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treat with us on the subject of commerce. The bustle attending a new election and meeting of Parliament, he imagined might occasion the long delay of those instructions. He now thinks, that, the affair of the American trade being under the consideration of Parliament, it is probable no treaty will be proposed till the result is known. Mr. Jay, who sailed for America the 1st instant from Dover, and who saw there several of our friends from London before his departure, and Mr. Laurens who left London the 6th to go on in the Falmouth packet, will be able to give you more perfect informations than I can, of what may be expected as the determination of the British government respecting our intercourse with their islands; and, therefore, I omit my conjectures, only mentioning, that from various circumstances there seems to be some lurking remains of ill humor there, and of resentment against us, which only wants a favorable opportunity to manifest itself.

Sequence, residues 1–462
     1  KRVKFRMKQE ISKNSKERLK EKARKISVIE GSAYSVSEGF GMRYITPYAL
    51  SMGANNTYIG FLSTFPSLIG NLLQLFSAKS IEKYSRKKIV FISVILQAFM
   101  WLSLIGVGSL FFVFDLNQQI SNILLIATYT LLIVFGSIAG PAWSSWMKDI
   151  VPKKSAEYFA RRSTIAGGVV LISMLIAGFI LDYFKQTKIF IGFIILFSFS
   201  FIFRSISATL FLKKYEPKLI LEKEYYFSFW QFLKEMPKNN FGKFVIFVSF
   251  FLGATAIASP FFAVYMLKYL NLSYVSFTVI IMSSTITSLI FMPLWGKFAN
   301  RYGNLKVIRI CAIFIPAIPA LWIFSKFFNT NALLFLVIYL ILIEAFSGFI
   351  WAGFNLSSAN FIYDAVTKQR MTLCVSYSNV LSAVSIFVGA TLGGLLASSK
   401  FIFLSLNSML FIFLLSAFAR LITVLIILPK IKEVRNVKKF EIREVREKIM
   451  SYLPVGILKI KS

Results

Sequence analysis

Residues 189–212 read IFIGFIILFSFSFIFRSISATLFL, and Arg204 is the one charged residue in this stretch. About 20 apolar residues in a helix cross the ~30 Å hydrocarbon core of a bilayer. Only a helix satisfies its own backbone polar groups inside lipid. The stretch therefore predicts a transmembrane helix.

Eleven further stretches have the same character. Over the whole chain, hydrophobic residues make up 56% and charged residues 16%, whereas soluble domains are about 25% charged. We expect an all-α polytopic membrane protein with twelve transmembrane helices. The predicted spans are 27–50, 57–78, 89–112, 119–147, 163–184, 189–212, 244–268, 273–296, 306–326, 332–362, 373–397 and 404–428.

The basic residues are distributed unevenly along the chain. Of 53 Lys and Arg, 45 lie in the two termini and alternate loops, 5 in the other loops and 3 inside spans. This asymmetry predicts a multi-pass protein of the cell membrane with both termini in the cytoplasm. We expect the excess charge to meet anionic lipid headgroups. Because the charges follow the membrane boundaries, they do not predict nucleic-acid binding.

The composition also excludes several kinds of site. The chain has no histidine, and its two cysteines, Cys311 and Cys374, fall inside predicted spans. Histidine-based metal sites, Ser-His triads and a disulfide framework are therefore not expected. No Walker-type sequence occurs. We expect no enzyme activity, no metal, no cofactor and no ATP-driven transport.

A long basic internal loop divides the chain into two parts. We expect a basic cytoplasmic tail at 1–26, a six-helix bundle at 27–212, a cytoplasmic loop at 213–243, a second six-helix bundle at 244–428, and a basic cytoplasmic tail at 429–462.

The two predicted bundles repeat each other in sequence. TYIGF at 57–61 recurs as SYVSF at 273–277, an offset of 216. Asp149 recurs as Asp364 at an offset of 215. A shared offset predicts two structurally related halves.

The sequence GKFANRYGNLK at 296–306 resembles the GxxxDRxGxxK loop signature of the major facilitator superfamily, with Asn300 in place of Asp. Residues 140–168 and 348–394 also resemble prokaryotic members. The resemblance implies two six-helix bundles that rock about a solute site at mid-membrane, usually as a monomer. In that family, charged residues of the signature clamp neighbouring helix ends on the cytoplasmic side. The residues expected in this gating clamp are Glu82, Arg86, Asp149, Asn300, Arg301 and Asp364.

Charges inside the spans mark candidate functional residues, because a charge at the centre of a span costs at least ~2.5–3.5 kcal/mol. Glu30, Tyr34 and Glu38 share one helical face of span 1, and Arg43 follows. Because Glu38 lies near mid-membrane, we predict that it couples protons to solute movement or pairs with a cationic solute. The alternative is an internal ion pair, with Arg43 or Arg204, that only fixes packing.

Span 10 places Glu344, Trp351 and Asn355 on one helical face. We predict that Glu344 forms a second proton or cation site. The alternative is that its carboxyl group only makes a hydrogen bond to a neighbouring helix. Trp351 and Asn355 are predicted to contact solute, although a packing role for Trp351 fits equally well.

This makes it more necessary for us to be upon our guard, and prepared for events, that a change in the affairs of Europe may produce; its tranquillity depending, perhaps, on the life of one man, and it being impossible to foresee in what situation a new arrangement of its various interests may place us. Ours will be respected in proportion to the apparent solidity of our government, the support of our credit, the maintenance of a good understanding with our friends, and our readiness for defence. All which I persuade myself will be taken care of. • Enclosed I send a copy of a letter from Mr. Hartley to me, respecting some supposed defects in the ratification, together with my answer, which he has transmitted to London. The objections appeared to me trivial and absurd; but I thought it prudent to treat them with as much decency as I could, lest the ill temper should be augmented, which might be particularly inconvenient, while the commerce was under consideration. There has not yet been time for Mr. Hartley to hear whether my answer has been satisfactory, or whether the ministers will still insist on my sending for an amended copy from America, as they proposed.